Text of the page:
The Banu Qurayzah was one of the three Jewish tribes that together with the resident Arab tribes had originally invited the Prophet Muhammad, salah Allahu ‘alayhi wa salam, to Medina in order to bring peace among the warring parties in the city.  All of these tribes signed the Medina Covenant, which was the first known constitution of any city or country.  In it, each tribe promised to support the others in the common defense and to work together for the common good of the interfaith community (designated as the umma).

The alleged massacre of the Jewish tribe of Banu Qurayzah in Medina came in the Year 627 immediately after the third of the three great battles between the Quraysh from Mecca and the Medinans, known as the Battle of the Trench (Al Khandaq),the first two being the Battle of Badr in 624 and the Battle of Uhud in 625.  When it became known that the Makkans were planning to bring a great army from many Arabian tribes to annihilate the Muslims in Medina, the Medinans dug a trench (khanduq) around the city to hold off the attack.  After three weeks of siege, when conditions in the city were becoming desperate, the Banu Qurayzah leaders in Medina secretly connived with the Makkans to attack the Muslims from within.  Beaten up and disarrayed by an unexpected hurricane, however, the Makkans took to their heals and retreated to Makkah, leaving the Banu Qurayzah to their fate.

After the siege was over, the Prophet decided that the Banu Qurayzah had to be held accountable for their violation of the pact with the Muslims.  He organized his followers to lay siege to the Banu Qurayzah.  The Banu Qurayzah surrendered after about 25 days and it was decided that their punishment for treason would be determined according to their own laws.  This called for the death penalty for treason, which used to be standard in America and everywhere else.  Thus some of the male members of the tribe were killed, in punishment for breach of the pact.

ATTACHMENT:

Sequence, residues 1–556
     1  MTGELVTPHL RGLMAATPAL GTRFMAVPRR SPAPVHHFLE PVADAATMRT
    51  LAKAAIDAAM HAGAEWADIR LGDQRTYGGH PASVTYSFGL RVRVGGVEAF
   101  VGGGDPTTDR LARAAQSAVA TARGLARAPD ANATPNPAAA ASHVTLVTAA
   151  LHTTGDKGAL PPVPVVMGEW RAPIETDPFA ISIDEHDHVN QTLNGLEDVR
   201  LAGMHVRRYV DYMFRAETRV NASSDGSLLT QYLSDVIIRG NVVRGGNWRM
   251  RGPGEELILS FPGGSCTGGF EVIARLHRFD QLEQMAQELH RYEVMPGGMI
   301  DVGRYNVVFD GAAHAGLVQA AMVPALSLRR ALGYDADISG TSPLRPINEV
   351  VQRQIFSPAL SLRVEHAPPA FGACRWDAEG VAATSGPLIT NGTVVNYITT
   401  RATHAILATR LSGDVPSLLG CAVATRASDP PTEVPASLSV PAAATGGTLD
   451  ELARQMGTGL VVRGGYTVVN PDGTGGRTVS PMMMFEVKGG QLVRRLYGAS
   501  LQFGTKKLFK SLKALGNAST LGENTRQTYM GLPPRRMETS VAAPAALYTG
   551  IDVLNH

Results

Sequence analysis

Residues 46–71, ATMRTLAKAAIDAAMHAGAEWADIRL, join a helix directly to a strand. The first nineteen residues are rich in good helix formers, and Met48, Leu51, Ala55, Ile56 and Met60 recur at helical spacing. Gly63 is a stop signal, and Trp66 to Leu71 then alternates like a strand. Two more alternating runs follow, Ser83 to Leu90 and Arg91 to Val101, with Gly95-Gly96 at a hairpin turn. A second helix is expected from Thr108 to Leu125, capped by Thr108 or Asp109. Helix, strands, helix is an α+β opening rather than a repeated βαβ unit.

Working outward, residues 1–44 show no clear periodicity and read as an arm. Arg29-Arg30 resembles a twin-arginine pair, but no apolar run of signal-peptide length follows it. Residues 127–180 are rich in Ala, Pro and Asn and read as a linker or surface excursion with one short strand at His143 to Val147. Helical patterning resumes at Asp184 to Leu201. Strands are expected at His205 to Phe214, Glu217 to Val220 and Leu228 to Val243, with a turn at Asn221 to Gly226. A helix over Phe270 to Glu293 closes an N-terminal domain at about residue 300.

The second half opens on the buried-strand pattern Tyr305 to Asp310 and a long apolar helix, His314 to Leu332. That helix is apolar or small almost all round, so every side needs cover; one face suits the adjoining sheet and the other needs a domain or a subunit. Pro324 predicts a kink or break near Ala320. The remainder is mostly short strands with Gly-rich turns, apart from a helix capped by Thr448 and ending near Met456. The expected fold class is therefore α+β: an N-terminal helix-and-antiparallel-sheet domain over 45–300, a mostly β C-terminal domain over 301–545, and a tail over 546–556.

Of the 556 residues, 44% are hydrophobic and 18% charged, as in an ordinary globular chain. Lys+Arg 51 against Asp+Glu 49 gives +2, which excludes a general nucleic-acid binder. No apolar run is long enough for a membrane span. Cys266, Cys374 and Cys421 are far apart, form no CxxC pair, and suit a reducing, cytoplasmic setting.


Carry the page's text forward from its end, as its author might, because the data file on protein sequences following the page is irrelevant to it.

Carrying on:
The Qur’an refers to this incident in Surah Al-Ahzab (The Confederates) where no numbers are mentioned:

… and He brought down from their strongholds those of the followers of earlier revelation who had aided the aggressors, and cast terror into their hearts: some you killed, and some you made captive.  (Surah al Ahzab, 33:26)

The story of how many were killed and who carried out the punishment has been a subject of speculation.  It was first explored in modern times by W. N. Arafat in 1946 in his article, “New Light on the Story of Banu Qurayza and the Jews of Medina,” published in the Journal of the Royal Asiatic Society.  Regardless of the details and how many Jews may have been killed in this incident, it is important to note that it involved punishment according to Jewish law for betrayal of a treaty between the two communities and of the Madina Covenant.

The second part of this article was published on June 14, 2011 as part of an article Shari’ah Thought:  Guidelines and Qualifications for Knowledge **